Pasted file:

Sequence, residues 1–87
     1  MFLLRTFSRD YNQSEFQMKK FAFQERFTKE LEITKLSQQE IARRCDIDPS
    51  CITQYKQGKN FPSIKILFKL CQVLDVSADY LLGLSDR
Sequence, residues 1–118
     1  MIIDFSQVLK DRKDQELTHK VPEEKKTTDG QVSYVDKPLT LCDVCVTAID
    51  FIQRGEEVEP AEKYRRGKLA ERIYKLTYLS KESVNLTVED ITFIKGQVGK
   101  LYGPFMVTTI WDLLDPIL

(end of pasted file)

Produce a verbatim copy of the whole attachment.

Sequence, residues 1–87
     1  MFLLRTFSRD YNQSEFQMKK FAFQERFTKE LEITKLSQQE IARRCDIDPS
    51  CITQYKQGKN FPSIKILFKL CQVLDVSADY LLGLSDR
Sequence, residues 1–118
     1  MIIDFSQVLK DRKDQELTHK VPEEKKTTDG QVSYVDKPLT LCDVCVTAID
    51  FIQRGEEVEP AEKYRRGKLA ERIYKLTYLS KESVNLTVED ITFIKGQVGK
   101  LYGPFMVTTI WDLLDPIL